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Venezuela freezes relations with Colombia

  • Story Highlights
  • Venezuela recalls ambassador to Colombia, most of embassy staff
  • Colombia claims weapons purchased by Venezuela ended up in hands of guerrillas
  • Venezuela President Chavez threatens takeover of Colombian firms in his country
By Arthur Brice
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(CNN) -- Venezuelan President Hugo Chavez froze diplomatic relations with Colombia late Tuesday, citing verbal aggressions from the neighboring South American country.

Venezuelan Foreign Minister Nicolas Maduro speaks to journalists on Monday in Caracas.

Venezuelan Foreign Minister Nicolas Maduro speaks to journalists on Monday in Caracas.

The televised announcement followed declarations from the Colombian government Monday that anti-tank weapons purchased by Venezuela ended up in the hands of the guerrilla Revolutionary Armed Forces of Colombia, known as the FARC. In addition, Colombian President Alvaro Uribe said the guerrillas were trying to buy anti-aircraft missiles. Venezuela received a shipment of Russian SA-24 Igla shoulder-fired missiles earlier this year and showed them off at military parade in April.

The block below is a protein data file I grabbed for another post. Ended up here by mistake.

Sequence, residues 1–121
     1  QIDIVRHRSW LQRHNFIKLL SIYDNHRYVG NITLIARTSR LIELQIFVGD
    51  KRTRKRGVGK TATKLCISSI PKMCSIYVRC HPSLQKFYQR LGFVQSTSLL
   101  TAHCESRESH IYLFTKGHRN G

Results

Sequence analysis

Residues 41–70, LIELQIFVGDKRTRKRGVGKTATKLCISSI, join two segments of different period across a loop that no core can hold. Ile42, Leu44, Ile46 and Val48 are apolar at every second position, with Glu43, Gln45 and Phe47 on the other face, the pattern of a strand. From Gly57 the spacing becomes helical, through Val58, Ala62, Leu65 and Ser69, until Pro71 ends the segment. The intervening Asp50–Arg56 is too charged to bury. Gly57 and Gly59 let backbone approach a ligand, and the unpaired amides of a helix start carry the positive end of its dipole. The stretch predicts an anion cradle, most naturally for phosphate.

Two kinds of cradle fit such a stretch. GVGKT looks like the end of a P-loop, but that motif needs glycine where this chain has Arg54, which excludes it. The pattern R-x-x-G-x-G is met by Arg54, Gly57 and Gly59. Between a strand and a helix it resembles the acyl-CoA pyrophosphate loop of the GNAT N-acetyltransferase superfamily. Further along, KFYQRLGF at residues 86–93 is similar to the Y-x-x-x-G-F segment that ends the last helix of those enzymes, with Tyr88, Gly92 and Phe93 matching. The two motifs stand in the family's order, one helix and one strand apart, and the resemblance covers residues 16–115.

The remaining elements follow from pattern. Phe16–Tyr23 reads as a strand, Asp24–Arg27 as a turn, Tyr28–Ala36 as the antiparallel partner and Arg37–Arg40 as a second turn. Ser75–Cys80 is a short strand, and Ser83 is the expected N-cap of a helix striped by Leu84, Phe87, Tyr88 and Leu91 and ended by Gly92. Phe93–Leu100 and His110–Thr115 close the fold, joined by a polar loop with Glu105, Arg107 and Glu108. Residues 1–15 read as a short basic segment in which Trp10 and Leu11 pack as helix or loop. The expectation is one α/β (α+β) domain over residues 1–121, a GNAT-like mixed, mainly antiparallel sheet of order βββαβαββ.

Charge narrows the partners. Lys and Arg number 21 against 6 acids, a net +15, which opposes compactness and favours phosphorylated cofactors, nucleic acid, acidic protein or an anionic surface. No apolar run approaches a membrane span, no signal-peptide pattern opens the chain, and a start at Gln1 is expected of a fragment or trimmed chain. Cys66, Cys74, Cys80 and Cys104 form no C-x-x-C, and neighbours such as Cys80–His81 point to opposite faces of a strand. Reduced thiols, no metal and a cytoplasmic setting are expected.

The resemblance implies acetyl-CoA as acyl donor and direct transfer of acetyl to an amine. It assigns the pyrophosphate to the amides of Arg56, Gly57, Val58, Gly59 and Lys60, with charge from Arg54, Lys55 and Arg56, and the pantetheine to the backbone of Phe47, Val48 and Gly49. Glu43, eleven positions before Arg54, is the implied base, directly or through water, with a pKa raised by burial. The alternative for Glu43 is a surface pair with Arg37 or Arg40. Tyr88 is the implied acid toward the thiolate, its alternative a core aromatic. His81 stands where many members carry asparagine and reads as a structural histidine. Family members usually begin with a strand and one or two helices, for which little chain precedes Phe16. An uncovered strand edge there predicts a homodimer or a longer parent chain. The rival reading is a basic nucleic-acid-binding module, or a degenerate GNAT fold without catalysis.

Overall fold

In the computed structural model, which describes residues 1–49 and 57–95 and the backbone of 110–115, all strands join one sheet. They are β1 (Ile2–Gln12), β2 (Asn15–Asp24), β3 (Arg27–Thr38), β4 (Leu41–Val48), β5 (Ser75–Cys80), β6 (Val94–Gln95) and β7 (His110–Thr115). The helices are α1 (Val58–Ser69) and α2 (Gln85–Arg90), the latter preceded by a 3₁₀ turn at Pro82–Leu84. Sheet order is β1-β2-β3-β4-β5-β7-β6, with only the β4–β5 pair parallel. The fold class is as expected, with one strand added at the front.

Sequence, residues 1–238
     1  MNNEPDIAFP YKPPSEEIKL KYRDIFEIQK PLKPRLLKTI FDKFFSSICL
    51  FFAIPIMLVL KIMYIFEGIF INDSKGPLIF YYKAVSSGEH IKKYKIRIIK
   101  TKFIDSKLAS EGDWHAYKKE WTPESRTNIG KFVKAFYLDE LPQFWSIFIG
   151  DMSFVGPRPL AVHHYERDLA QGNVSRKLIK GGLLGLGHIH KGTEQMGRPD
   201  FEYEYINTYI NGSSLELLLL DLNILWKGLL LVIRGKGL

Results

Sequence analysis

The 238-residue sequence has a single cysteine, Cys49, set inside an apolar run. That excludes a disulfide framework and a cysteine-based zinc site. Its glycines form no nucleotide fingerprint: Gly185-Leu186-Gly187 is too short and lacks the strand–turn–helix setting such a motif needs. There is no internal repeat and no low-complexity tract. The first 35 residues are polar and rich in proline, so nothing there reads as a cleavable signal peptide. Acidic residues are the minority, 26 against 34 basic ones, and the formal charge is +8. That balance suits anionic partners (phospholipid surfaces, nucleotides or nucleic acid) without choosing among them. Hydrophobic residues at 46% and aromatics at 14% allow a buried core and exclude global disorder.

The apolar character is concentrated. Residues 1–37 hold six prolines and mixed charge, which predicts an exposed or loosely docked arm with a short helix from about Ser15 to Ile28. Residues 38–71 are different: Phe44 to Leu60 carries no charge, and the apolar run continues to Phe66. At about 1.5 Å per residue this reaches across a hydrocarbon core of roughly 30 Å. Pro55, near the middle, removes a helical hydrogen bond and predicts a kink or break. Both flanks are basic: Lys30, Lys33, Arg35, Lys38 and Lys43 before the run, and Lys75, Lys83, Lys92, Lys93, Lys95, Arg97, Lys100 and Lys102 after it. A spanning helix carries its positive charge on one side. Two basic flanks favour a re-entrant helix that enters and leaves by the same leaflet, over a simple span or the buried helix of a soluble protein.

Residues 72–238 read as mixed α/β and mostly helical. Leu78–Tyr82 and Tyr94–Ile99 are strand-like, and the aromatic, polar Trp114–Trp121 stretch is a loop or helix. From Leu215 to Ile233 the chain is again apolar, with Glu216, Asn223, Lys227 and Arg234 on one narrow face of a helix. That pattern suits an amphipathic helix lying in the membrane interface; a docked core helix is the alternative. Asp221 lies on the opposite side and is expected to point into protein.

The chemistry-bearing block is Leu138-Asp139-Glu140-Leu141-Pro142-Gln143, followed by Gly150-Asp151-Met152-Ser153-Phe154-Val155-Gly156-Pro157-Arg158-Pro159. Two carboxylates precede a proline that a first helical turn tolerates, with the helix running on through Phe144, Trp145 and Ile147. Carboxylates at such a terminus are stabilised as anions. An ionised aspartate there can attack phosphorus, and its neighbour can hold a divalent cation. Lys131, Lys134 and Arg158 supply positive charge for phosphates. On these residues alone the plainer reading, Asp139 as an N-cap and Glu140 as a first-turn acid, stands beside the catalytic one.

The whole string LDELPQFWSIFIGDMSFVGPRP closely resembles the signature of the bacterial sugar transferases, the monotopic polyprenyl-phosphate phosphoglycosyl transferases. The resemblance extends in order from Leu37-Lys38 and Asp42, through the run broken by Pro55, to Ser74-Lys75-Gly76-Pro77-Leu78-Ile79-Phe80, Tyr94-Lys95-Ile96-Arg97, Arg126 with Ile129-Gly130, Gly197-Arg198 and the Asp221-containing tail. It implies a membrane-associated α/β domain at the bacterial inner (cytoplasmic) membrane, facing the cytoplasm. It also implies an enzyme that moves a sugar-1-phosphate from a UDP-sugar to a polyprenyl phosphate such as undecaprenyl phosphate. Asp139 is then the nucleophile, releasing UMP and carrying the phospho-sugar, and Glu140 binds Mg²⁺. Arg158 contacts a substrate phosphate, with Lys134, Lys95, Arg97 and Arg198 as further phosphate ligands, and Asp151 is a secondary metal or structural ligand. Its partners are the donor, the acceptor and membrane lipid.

Chavez recalled Venezuela's ambassador to Colombia, as well as most of the embassy's staff.

"Leave only the lowest functionaries," he said.

Chavez also threatened to take over Colombian companies operating in Venezuela if Colombia offends Venezuela one more time.

Colombia's claims are "mistaken," added Chavez, who called the country's leaders "irresponsible."

There was no immediate reaction from the Colombian government.

Tuesday's developments came one day after Chavez signed a military agreement with Russia to buy enough BMP-3 armored fighting vehicles and T-72 tanks to double the nation's inventory, according to the Jane's Defense Weekly publication. Chavez said he will use the tanks in his "Western Shield Plan" on the border with Colombia.

Tensions between the two countries have been high since March 2008, when Chavez ordered tanks to the border in response to a Colombian attack on FARC bases in Ecuador. More recently, Chavez has severely criticized Uribe for entering into negotiations to allow the United States to open military bases in Colombia.

The United States says it needs the bases because Ecuador has ordered the closing of a U.S. installation there. Chavez accuses the United States of wanting the bases so it can attack Venezuela.

Analysts say Chavez's actions toward Colombia are tied to his feelings toward the United States.

"Chavez hates the United States and he wants to lead a group of countries that don't pay attention to the United States," said Myles Frechette, the U.S. ambassador to Colombia from 1994-97. "Uribe is a guy who is in tune with the United States."

Frechette notes that "Colombia and Venezuela have complementary economies" and could sell more goods to each other under better conditions.

Jennifer McCoy, director of the Americas Program at the Carter Center, makes the same point.